If you’re like me, you didn’t even know that this was a book before it was a movie. Although it kind of has that feel to it, I don’t think anyone had heard of the book before it was a movie. To hear John August tell it, he had to do some pretty heavy lifting to convince a studio to purchase the rights to it, and I imagine that required getting Tim Burton on board, first.
Anyway, something that Austin Film Festival did last week, which I hadn’t seen them do before, was a “Script to Screen” workshop where a screenwriter discusses a particular movie and how it changed in the moviemaking process. A few screenwriters agreed to lead this workshops, including, among them, John August, about this story. The assignment was to watch the movie, read the screenplay, and read the book, all in preparation for the workshop.
It was really awesome getting to work through the process of adapting a script. We looked at certain elements:
- What are the themes of the book?
- Who are the characters? Who is the main, central character that this story is about? Or is it a dual-protagonist story?
- What are the character arcs?
- What are the main stories and plot points?
After going through this exercise, it became much easier to give up any allegiance to the original script. In this way, characters, locations, and plot points get combined. Other characters get expanded. Whole new storylines open up.
August, a very humble, soft-spoken guy, was never so vain as to assume that his version was the only way to adapt it, and so it became great fun to play with it and look at other ways we might have done it: eliminating the son entirely, or telling the father’s story backward, or maintaining the myth, rather than having the story become more real as time went on.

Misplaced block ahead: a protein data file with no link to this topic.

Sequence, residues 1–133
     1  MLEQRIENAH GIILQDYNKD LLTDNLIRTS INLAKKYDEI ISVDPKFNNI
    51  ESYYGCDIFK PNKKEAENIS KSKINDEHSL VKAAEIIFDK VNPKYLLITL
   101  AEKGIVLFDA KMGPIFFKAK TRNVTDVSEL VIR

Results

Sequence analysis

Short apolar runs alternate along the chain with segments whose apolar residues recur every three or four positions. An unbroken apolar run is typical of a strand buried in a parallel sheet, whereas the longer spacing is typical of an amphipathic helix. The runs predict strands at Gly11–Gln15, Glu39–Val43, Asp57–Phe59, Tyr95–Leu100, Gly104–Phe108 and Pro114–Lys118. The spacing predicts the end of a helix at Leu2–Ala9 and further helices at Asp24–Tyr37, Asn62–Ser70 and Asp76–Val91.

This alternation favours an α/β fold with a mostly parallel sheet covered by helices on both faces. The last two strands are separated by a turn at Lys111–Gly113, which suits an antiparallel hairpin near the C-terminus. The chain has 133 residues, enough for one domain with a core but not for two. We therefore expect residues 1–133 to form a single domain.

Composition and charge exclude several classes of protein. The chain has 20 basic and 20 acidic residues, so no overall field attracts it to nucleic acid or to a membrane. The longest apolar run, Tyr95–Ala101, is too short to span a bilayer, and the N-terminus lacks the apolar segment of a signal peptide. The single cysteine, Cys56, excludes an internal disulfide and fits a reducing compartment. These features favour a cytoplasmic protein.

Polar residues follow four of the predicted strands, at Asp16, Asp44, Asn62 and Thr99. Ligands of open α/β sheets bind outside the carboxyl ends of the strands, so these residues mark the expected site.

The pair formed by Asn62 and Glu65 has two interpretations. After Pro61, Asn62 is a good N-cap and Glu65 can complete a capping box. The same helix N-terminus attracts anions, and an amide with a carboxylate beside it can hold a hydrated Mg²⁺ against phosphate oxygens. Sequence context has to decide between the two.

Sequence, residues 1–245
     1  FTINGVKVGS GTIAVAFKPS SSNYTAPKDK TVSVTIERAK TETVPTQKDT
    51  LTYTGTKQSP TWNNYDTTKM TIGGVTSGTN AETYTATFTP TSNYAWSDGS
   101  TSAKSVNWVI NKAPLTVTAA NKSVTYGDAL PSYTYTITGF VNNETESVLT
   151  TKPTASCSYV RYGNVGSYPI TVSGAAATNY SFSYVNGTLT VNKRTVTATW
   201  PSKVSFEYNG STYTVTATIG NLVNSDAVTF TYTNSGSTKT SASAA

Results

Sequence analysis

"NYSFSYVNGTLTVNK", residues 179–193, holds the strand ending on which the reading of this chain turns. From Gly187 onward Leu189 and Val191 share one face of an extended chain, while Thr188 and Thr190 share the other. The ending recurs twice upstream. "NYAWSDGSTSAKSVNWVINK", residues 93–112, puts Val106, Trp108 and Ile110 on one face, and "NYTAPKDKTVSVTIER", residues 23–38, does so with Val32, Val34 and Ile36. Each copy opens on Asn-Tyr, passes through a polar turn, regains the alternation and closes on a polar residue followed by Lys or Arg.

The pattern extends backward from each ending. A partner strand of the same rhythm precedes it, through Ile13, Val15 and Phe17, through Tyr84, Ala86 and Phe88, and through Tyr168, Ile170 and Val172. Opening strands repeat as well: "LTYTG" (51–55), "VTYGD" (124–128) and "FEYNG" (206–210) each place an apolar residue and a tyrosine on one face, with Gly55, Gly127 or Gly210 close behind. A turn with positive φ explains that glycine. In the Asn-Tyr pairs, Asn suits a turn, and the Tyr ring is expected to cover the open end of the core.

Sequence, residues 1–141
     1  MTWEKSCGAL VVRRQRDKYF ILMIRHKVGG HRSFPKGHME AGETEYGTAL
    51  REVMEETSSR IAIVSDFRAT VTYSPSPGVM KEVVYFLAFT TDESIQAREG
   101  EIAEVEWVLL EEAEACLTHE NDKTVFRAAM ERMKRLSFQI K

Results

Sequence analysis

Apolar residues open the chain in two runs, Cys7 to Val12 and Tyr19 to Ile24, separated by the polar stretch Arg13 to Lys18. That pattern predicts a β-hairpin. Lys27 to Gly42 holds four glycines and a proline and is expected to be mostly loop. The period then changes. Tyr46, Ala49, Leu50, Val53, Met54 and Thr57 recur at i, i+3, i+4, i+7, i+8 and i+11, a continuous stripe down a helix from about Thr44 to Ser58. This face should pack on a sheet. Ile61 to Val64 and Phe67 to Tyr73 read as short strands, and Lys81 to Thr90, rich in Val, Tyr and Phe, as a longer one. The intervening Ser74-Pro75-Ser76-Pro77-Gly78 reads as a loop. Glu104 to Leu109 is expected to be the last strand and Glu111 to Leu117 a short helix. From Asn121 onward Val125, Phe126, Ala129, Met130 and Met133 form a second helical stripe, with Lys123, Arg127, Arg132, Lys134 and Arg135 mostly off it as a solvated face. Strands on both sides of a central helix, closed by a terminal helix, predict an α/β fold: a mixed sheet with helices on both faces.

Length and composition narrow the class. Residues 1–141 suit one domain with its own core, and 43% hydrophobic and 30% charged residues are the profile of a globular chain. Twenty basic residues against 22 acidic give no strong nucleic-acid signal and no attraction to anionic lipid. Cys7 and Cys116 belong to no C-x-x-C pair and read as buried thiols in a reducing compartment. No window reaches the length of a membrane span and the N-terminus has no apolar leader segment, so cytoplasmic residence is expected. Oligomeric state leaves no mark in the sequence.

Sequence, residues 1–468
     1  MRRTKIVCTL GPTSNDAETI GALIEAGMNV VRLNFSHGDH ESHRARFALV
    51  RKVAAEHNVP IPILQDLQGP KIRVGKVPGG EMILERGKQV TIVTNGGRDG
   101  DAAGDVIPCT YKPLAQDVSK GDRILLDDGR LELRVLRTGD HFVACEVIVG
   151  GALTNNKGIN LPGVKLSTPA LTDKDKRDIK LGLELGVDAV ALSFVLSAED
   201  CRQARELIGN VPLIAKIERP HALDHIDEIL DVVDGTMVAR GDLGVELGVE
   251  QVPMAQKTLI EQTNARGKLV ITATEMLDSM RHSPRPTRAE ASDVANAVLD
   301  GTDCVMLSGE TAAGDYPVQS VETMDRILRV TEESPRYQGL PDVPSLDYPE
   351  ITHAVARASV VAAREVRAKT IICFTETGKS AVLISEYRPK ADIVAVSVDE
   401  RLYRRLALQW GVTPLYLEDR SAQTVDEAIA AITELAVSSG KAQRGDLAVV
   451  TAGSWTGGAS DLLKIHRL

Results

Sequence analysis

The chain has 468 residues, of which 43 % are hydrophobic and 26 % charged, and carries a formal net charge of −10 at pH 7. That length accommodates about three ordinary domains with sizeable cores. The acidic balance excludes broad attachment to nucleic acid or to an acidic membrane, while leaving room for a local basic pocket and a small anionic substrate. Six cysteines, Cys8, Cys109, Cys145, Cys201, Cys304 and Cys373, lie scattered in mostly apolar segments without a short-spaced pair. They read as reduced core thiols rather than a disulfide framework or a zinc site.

The book ends a little differently than the movie does. Similar, but the main, glaring difference, is that the book swears no allegiance to reality, and the father actually transmogrifies into a fish. In the movie, the son’s story reaches its climax at this moment, and he finally is willing to tell his father a story. I like that, except what was missing for me in the film version (which I admittedly haven’t seen in years) was something that would have him make that radical shift from his previous attitude. It just felt a little forced. Maybe that was in the performance, less than the script, but I think something else could have been there.
But the book, let it be known, is truly magical, and a quick, fun read.
And I definitely appreciate the opportunity to participate in far and away one of the most valuable events I’ve ever attended at AFF.